How Do QR Codes Work?

Learn how QR codes work and why they are able to hold so much information and why custom QR codes are possible.

Make a code, scan the code

A person or company, uses a QR code generator to make a QR code that leads to readable, interesting content which they post somewhere it is likely to get scanned. When a consumer comes along, they take out their smart phone, open the QR reader application that came preinstalled on their phone or they downloaded from some kind of application store, and scan the code. The consumer spends more time on the company's page and is more likely to make a purchase or sign up for something, or interact with the company or person in some way then someone who saw a URL or a catch phrase in an ad. That's the essentials.

But what about the technology behind QR codes, how does it work?

Two Dimensions of Information

QR codes are a lot like the UPC barcodes that are found on every item in the grocery store. The difference between UPC barcodes and QR codes is that QR codes hold information in both the vertical and horizontal directions, while UPC barcodes only hold information only in the horizontal direction. This means that QR codes can hold a lot more information. Approximately 350 times more information.

This information is held in the modules of the code. (The black and white dots.) There are 40 “Versions.” The word version refers to the size of the code symbol in modules. A version one code is 21 modules by 21 modules. A version 40 code is 177 by 177. To go up a version, you add four modules to each side of the symbol. The more modules a code has, the more information it can store.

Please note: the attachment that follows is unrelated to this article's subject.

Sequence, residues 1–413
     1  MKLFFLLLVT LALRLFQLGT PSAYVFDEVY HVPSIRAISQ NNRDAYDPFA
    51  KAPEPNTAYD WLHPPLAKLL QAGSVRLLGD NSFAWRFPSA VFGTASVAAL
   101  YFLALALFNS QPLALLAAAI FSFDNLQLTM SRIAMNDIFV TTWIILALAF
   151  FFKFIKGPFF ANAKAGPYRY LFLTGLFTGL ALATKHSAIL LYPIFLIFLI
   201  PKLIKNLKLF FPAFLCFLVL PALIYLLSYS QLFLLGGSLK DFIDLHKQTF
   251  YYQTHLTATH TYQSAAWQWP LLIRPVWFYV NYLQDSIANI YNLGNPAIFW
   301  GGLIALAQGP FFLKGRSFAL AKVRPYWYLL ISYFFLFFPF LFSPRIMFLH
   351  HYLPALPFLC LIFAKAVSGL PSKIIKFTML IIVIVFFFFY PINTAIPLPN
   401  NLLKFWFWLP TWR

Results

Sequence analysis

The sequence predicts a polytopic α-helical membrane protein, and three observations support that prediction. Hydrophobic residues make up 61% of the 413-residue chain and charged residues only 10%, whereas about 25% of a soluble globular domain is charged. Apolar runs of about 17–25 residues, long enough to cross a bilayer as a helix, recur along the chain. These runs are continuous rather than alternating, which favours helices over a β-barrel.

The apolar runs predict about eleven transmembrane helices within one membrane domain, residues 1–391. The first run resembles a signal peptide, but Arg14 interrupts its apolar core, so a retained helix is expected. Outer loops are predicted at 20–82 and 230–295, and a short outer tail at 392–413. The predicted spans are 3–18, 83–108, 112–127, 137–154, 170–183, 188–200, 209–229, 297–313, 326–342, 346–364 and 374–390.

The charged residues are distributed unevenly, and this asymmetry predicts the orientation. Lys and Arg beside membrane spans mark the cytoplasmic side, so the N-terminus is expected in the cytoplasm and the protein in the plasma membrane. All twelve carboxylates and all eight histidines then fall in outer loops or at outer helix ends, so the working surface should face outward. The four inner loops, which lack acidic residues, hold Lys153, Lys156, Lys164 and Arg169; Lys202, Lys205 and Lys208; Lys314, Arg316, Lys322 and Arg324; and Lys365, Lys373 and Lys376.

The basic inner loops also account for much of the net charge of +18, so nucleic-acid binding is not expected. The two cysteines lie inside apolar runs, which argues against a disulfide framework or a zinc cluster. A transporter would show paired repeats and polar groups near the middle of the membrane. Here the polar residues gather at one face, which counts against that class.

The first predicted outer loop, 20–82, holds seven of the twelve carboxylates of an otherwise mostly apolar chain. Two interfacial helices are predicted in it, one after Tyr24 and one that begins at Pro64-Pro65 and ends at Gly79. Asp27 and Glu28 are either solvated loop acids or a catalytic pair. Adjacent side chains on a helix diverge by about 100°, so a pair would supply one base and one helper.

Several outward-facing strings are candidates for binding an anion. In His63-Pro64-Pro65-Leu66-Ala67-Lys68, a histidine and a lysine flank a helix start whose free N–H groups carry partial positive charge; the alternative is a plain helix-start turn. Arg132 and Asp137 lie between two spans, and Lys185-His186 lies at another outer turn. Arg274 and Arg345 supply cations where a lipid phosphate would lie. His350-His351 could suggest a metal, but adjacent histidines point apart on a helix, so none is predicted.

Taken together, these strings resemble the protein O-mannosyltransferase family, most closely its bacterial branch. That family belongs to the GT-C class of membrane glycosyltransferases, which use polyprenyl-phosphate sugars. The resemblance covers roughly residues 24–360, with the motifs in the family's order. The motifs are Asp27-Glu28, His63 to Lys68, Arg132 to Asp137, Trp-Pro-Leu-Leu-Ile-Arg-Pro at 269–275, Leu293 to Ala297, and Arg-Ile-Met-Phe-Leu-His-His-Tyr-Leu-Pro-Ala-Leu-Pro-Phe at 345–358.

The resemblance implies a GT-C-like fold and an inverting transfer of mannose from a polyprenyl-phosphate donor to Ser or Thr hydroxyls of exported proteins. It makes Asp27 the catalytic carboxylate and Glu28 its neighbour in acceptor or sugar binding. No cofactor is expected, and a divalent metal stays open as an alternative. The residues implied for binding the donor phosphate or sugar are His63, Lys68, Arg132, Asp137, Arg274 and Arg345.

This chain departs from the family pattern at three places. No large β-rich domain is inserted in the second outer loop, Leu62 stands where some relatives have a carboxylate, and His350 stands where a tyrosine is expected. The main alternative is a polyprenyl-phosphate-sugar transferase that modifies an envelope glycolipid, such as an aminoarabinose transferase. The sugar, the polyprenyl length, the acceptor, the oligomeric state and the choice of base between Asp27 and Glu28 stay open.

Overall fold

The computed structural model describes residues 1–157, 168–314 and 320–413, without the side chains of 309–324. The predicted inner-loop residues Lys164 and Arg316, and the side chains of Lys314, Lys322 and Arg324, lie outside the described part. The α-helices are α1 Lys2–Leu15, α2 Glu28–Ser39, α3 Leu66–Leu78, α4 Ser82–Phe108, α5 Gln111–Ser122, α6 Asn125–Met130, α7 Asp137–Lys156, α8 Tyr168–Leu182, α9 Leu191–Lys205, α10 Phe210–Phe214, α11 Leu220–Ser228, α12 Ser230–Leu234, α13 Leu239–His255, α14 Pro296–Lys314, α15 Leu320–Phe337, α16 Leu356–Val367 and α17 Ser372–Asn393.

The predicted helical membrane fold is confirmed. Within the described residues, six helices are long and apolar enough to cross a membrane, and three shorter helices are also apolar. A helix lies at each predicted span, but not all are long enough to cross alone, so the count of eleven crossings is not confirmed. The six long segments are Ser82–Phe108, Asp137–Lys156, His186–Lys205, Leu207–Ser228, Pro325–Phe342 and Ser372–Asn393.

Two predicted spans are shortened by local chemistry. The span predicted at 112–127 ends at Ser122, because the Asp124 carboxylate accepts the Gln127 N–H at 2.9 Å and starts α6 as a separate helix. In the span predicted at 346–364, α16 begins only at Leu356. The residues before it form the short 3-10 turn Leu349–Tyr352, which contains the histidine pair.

The physical size of a QR code can be adjusted by changing the size of its modules. This is usually the method that QR code generating sites use to change the size of the QR code symbol.

Error Correction and Customization

QR codes were developed to withstand the wear and tear of a factory and can be used even if they are dirty or damaged because they employ Reed Solomon code. Reed Solomon code is a type of mathematical error correction code that is commonly used in music CDs. On many QR generating sites there are four levels of error correction available to someone creating a QR code. The lowest level of correction offers 7% correction and the highest offers 30%. The most commonly used level of correction is 15%. In order for the symbol to be scannable, you need twice as much error correction code as the amount of code that needs to be corrected. It is because of the error correction capabilities of QR code that a low level of customization is available to QR code users. Users can put small text or pictures into their codes and the codes will still work.